• It allows for a previously stated idea
to sink in.
• It prepares the listener for what is
about to be said next.
• It telegraphs that the next idea is
more important or profound than
• It makes room for agreement or disagreement in the mind of the listener.
Executed poorly, a pause can appear
to be indecision, lack of preparation or
mental paralysis. Executed well, few
techniques in the toolbox of platform
skills are as simultaneously subtle and
powerful as a pause.
In the same vein, really good mechanics are transparent. They work together
in such a way that the audience doesn’t
notice the particular skill but the sum
result. When an audience member spots
something a speaker is doing, it is probably gimmicky or not being done well.
Speakers who want to improve
shouldn’t look for best practices—
they should search out better practices.
Today’s best practice is at risk of being
next week’s second-best practice. While
the fundamentals may change little and
slowly, the ways those building blocks are
employed are constantly changing. Don’t
be content with what used to work.
Finally, recognize that good technique can save the day. Renowned speech
coach Ron Arden often talks about
how the best Hollywood actors weren’t
always passionate. Some days they were
sick, hung-over or depressed, yet they
managed to perform extraordinarily well.
How did they do it? Technique. When all
else fails, knowing how to create the perception of energy or passion is every bit
as important as possessing it.
PU TTING IT ALL TOGETHER
There are technically competent speakers who don’t make obvious mistakes,
and yet their performance falls flat.
Why is that? Because they think they are
doing it all right and still get it wrong.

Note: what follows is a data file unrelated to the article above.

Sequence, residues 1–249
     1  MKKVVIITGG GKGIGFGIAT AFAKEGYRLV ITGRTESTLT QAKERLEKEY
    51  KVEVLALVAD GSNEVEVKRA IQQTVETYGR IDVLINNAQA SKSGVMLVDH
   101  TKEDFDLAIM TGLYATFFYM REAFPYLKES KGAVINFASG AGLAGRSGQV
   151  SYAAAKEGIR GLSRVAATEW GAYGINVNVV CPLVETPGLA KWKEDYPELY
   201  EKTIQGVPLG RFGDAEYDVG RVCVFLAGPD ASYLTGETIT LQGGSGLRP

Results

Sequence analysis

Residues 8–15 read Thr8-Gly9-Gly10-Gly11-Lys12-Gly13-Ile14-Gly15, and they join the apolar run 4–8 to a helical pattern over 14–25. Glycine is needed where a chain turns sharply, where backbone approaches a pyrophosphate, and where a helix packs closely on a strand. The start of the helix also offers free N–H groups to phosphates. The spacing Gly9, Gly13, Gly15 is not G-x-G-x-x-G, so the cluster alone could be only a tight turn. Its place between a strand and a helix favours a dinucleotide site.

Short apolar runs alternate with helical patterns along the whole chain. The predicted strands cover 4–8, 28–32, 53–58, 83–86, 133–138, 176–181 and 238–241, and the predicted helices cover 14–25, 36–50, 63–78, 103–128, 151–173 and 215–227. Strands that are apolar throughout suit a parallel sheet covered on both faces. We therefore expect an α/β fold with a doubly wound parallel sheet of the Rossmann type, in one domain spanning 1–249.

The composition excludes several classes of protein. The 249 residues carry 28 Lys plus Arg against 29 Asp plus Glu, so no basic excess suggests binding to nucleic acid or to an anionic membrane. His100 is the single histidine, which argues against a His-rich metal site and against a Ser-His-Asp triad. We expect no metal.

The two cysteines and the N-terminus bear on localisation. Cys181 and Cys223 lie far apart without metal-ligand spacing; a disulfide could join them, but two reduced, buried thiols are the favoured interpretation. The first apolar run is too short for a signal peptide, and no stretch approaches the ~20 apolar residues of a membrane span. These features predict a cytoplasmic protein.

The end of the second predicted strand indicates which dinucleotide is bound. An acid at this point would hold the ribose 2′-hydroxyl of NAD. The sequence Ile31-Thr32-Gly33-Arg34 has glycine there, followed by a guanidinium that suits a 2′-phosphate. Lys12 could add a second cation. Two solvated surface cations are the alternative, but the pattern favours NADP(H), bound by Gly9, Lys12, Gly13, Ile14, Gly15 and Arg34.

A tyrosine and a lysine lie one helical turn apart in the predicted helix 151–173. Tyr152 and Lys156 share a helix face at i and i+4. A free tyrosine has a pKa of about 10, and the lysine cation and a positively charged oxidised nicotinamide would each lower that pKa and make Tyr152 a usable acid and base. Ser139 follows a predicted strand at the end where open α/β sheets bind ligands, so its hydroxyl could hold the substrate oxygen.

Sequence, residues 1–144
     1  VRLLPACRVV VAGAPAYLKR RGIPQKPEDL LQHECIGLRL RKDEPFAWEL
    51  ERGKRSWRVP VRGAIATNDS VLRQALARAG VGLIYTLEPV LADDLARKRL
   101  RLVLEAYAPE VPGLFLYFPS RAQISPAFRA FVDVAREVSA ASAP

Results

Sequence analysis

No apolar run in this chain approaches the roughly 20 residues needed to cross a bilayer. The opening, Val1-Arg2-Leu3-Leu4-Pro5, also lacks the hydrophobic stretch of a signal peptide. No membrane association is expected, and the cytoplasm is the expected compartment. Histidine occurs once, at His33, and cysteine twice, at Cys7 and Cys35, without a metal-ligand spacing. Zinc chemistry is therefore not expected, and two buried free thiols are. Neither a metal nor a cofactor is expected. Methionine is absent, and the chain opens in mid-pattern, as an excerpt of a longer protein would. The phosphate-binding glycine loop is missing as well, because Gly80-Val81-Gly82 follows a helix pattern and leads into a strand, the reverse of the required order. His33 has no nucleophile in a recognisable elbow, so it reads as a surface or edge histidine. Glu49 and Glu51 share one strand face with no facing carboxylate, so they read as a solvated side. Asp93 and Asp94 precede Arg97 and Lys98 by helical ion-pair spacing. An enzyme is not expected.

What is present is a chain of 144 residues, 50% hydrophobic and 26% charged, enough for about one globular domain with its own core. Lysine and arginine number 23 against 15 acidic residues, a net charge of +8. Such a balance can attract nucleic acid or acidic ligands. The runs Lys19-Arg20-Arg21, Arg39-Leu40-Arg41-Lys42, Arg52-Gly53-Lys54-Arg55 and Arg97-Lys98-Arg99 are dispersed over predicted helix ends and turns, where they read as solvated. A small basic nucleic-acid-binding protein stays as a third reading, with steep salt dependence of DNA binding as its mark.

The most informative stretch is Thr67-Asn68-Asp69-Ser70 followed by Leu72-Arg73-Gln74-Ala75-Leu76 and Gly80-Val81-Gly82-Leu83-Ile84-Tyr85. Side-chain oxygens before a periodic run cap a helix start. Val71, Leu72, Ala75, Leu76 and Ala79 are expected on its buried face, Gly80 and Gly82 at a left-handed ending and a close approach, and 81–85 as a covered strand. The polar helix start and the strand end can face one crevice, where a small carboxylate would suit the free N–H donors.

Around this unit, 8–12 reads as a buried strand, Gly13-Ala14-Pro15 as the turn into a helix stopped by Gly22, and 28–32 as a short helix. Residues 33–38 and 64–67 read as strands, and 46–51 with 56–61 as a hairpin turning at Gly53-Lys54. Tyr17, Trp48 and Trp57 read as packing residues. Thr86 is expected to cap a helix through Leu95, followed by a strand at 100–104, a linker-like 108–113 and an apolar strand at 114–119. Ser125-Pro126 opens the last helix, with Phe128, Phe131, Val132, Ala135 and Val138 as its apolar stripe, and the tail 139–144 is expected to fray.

For example, auto mechanics
have access to the same tools, but
like speakers, some are better than
others. The key is in how they use the
tools. Mastery is in the hands of the
mechanic, not the wrench or screwdriver. And so is it for speakers.
Novice speakers can do everything
right and not succeed. Old pros can do
something that really worked, but in the
hands of someone else, it would have
killed the performance. (The corollary to
this is that a speaker can do much wrong
and still get it right.)
GET IDEAS. Become a student of all
aspects of speaking, but focus on platform mechanics. As you watch others
present—professional or amateur—pay
attention to what worked, what didn’t
work and what could have gone better.
your goal in watching other speakers isn’t
to imitate their techniques, but to use
their performance, good or bad, to stimulate your thinking.
Mark Sanborn, CSP, CPAE, is on the faculty of the Keynote Lab, which will be held in Las Vegas, Jan. 12-13. He is president of Sanborn &
Associates, an idea studio dedicated to
developing leaders in business and life. He
is an international best-selling author and
noted authority on leadership, team
building, customer service and change.
GET SHOTS. Watching yourself on
video can be agonizing, but it is proba-
bly the quickest and most powerful way
to improve your platform skills. As you
watch, ask yourself:
•;What should I keep doing or do more
•;What should I improve on so that it
•;What should I do less?
•;What should I stop doing completely
(i.e., annoying habits and mannerisms)?
•;What should I start doing?
GET FEEDBACK. Before you ask for
feedback, make sure you’re not looking
for validation. “you were wonderful” will
make you feel good, but it won’t make
you better on stage. The best way to get
feedback is to assure the respondents of
your true desire, and to accept what they
say without excuse or explanation.
December 2010 | SPEAKER | 19